An exemplary routine for this embodiment is depicted in FIG. 12. The routine starts (block 600) by monitoring the product flow rate (block 602). Query 604 determines whether the flow rate is constant or substantially constant. If the query answers yes, then the combined incoming pulse channels are monitored (block 606). It should be appreciated that, for this multi-channel embodiment, this portion of the routine is optional. This is because a substantially constant flow rate is not necessary for the examination of the binary output.

Query 608 determines whether the proper binary “signature” has been detected. In particular, the routine searches for one of the binary combinations described above. If this query answers no, then query 609 determines whether the pulse stream has been checked a predetermined N number of times. As was discussed above, generating an alarm condition may not be desirable immediately after the first instance that a pulse signature is missed. The missing pulse signature could have other causes such as signal noise. If the predetermined number of checks has not been made (block 609), and then the routine returns to block 602. If query 609 answers yes, then an error state 611 has been detected.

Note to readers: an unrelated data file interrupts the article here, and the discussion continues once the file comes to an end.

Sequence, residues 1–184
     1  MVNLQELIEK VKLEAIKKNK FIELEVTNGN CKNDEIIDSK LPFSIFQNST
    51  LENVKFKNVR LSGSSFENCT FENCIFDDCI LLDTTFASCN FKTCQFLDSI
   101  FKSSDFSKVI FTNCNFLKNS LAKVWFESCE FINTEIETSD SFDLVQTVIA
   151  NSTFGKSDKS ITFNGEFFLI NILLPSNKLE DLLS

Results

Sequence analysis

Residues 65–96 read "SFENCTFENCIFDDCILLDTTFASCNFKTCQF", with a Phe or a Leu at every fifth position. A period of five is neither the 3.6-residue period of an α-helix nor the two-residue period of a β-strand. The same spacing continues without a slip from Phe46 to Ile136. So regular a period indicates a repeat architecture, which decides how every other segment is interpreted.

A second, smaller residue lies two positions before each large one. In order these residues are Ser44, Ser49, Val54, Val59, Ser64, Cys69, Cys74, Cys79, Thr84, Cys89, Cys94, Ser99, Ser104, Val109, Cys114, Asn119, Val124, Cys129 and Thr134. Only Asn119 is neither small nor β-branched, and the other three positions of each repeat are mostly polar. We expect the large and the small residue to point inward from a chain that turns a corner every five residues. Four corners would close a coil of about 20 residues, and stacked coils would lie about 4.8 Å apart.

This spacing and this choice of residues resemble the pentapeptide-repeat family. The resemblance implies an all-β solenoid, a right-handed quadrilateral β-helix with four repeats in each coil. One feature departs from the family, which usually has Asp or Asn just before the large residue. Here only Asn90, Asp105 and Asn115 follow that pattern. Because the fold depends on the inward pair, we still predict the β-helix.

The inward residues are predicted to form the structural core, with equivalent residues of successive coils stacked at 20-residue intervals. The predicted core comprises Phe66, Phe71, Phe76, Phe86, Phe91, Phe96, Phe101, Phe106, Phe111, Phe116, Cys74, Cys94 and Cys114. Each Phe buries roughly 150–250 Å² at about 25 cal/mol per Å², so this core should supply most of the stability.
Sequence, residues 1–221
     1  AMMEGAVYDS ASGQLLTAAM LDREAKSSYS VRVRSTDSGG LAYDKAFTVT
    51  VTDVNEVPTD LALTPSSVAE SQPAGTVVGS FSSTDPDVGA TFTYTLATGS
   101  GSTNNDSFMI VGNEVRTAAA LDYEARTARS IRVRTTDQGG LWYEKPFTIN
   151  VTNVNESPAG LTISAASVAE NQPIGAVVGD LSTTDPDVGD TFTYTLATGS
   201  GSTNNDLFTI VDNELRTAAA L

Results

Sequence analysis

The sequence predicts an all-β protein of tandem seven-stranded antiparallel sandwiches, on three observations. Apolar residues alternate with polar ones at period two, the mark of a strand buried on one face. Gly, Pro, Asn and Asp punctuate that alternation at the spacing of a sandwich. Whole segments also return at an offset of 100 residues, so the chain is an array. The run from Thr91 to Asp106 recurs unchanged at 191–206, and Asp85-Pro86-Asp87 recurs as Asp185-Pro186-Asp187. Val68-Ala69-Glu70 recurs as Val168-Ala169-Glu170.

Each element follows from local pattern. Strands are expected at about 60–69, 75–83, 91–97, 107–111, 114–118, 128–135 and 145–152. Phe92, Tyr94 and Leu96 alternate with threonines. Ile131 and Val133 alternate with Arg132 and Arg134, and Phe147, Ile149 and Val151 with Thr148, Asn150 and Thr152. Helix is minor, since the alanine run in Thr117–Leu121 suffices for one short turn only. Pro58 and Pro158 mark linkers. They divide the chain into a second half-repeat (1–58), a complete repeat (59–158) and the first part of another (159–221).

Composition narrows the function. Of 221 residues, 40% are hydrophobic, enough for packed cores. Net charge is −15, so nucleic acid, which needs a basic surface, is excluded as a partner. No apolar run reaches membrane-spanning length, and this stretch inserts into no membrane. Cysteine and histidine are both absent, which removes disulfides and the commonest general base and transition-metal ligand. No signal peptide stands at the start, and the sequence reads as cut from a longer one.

If query 608 answers yes, then a digital pulse signature has been detected and counter step 610 counts the number of pulses until the next signature is received. Query 612 then determines whether that count is correct. If the count is correct, then a proper meter signature 613 has been detected. If query 612 answers no, then query 614 determines whether the incoming pulse streams have been checked a predetermined N number of times. If this query answers no, then the routine returns to block 602 to monitor product flow rate. If this query answers yes, then the routine returns error state 615.

Although the present invention has been discussed to this point in terms of an electronic signal generated by a pulser, the practice of the invention includes the use of other “signature” electronic signals. One such signal is the characteristic signal developed by certain types of positive displacement meters used in fuel dispensers. For example, piston-type positive displacement meters measure volume by counting the cyclic displacement of pistons as fluid flows therethrough. The pistons reciprocate through cylinders whose volume has been determined very accurately. It has been discovered that even at a “constant” flow rate, the cyclic action of the pistons causes minute, measurable fluctuations in flow rate. Further, it has been discovered that for a given meter model, these fluctuations are constant from meter to meter and can be used as a characteristic, identifying anomaly for that particular model.